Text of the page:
The euro lost more than one percent against the dollar Monday after scoring early gains from the 11th hour, 10 billion euro EU-International Monetary fund rescue deal for Cyprus.
After pushing above the $1.30 line in early Monday trade, the euro sank back to $1.2853 at 2100 GMT, compared to $1.2986 late Friday.
The safe-haven yen meanwhile climbed, with the dollar falling to 94.10 yen from 94.46 and the euro to 120.96 yen from 122.72.
Early hopes that the contagion risk had been contained and markets stabilized gave way to fears that Cyprus still faces possible panic when banks reopen Tuesday, and that banks in other weak eurozone economies were also at risk of runs.
That was exacerbated when Eurogroup head Jeroen Dijsselbloem told the Financial Times that the the Cyprus model of penalizing bondholders, shareholders and uninsured deposit holders in bank failures could be applied elsewhere in Europe.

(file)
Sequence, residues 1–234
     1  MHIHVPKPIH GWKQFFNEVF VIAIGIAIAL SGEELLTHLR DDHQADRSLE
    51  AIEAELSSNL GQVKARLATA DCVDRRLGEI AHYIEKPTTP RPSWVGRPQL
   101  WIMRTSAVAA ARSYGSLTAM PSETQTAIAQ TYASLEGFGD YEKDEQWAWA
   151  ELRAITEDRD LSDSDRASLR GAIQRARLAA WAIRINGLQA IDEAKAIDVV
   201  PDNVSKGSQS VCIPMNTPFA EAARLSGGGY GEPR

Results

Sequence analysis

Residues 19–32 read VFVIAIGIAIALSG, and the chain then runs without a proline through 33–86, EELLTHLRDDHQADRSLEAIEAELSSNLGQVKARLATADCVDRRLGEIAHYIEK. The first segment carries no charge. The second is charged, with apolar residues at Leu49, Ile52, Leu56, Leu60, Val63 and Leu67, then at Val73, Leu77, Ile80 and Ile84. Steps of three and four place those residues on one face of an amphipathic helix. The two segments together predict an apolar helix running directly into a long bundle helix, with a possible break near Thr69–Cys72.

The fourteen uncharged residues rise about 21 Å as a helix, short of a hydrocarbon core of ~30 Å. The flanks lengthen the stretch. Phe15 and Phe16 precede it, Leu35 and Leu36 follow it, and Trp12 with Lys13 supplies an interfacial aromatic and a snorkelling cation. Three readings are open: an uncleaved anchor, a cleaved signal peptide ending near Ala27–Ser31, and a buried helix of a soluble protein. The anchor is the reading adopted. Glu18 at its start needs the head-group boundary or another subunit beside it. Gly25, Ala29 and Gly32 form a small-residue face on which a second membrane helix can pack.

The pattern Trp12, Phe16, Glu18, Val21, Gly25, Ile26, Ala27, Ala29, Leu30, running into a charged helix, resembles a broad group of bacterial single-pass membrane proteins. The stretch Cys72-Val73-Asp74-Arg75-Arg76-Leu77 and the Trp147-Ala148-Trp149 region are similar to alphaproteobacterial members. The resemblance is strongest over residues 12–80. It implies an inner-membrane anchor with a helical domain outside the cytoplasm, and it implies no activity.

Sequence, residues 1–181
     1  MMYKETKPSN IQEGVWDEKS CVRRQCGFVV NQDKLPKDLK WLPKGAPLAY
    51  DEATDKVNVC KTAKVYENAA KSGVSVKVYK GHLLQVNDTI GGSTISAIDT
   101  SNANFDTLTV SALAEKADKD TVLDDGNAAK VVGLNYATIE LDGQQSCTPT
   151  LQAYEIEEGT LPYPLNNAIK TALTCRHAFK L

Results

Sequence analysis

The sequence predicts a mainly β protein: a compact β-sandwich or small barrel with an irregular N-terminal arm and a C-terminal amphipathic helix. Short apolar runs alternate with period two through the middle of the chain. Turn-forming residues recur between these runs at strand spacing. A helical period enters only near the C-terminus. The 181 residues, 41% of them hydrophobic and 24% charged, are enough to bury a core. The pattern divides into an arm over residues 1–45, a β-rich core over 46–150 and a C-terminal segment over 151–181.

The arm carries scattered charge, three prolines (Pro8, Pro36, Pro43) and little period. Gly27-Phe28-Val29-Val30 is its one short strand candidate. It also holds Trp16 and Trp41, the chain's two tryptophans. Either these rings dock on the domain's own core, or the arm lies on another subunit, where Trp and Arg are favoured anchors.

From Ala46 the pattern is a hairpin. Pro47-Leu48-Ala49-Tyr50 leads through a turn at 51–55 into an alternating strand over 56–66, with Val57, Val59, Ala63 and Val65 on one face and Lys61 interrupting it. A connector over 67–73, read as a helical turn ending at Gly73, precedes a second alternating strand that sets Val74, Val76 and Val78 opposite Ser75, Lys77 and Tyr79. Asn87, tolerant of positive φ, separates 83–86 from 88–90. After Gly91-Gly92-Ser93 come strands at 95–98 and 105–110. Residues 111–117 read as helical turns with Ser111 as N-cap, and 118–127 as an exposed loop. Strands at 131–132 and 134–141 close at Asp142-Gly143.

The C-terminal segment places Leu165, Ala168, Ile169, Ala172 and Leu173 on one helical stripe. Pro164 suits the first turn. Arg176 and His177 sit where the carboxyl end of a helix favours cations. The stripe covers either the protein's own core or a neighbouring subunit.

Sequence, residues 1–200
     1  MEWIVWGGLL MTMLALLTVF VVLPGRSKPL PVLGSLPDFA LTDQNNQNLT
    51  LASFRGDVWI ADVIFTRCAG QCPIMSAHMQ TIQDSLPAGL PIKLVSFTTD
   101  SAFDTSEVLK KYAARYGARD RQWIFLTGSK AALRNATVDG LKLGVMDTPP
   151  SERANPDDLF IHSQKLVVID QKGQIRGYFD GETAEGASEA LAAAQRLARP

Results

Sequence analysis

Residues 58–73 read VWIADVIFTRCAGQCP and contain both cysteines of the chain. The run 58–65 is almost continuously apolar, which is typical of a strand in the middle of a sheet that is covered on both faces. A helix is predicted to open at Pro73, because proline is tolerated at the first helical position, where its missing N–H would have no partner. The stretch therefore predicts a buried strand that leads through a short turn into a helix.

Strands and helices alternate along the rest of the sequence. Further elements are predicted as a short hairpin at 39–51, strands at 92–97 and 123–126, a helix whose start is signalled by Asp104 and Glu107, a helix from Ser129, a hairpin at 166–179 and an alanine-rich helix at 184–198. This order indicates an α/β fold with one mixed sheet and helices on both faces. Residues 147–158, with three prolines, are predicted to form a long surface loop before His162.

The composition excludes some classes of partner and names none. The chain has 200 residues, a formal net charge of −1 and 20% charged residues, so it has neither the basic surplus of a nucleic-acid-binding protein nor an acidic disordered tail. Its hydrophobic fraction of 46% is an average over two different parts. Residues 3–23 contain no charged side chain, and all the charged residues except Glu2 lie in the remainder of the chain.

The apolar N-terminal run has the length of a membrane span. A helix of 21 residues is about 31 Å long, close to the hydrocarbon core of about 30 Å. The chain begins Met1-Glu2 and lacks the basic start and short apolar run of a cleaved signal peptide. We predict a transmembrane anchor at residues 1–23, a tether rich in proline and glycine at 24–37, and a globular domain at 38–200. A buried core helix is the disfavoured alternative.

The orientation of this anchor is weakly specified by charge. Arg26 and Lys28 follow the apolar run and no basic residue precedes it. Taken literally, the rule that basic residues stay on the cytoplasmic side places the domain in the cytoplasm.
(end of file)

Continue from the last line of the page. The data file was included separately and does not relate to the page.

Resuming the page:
Markets across Europe and in the United States fell after the remarks, sending shares of Spain's Bankia plummeting, even though Dijsselbloem backtracked later, stressing that Cyprus was a unique case.
"The decision to tax savers (in Cyprus) is important because of how the European sovereign debt crisis has flowed: each policy undertaken has set precedence for the next bailout," said Christopher Vecchio of DailyFX.
"If Cypriot savers had to contribute to the bailout of its banks, then why wouldn't the same measures be forced upon Italian and Spanish savers?"
"Investors in weak financial institutions in peripheral Euro-zone countries are on high alert," said Vecchio. "So should euro traders be."
Meanwhile US Federal Reserve chief Ben Bernanke told a London audience that the major economies were not engaging in competitive devaluations despite the impact of their stimulus policies on pressing down their currencies.
Even if the currencies have weakened, he argued that a "return to solid growth among the advanced economies is ultimately in the interest of advanced and emerging market economies alike."
The British pound fell back, to $1.5179 from $1.5233, while the dollar rose on the Swiss franc, to 0.9484 francs from 0.9401 francs.